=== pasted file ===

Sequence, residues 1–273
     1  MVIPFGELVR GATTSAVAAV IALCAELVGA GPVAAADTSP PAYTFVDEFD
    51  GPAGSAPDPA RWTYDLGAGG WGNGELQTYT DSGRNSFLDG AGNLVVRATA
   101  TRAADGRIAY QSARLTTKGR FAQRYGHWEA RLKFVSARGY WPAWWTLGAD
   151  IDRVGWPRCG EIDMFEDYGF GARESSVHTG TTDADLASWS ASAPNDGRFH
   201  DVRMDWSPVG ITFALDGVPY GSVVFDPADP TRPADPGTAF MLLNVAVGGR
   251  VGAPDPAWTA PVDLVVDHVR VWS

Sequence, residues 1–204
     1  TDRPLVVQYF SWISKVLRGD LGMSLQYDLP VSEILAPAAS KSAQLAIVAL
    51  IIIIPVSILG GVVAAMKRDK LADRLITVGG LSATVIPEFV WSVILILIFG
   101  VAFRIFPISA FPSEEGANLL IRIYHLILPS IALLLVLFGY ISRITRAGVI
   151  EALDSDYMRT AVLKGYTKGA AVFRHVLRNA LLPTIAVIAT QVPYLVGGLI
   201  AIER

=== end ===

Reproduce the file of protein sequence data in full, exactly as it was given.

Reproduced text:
Sequence, residues 1–273
     1  MVIPFGELVR GATTSAVAAV IALCAELVGA GPVAAADTSP PAYTFVDEFD
    51  GPAGSAPDPA RWTYDLGAGG WGNGELQTYT DSGRNSFLDG AGNLVVRATA
   101  TRAADGRIAY QSARLTTKGR FAQRYGHWEA RLKFVSARGY WPAWWTLGAD
   151  IDRVGWPRCG EIDMFEDYGF GARESSVHTG TTDADLASWS ASAPNDGRFH
   201  DVRMDWSPVG ITFALDGVPY GSVVFDPADP TRPADPGTAF MLLNVAVGGR
   251  VGAPDPAWTA PVDLVVDHVR VWS

Sequence, residues 1–204
     1  TDRPLVVQYF SWISKVLRGD LGMSLQYDLP VSEILAPAAS KSAQLAIVAL
    51  IIIIPVSILG GVVAAMKRDK LADRLITVGG LSATVIPEFV WSVILILIFG
   101  VAFRIFPISA FPSEEGANLL IRIYHLILPS IALLLVLFGY ISRITRAGVI
   151  EALDSDYMRT AVLKGYTKGA AVFRHVLRNA LLPTIAVIAT QVPYLVGGLI
   201  AIER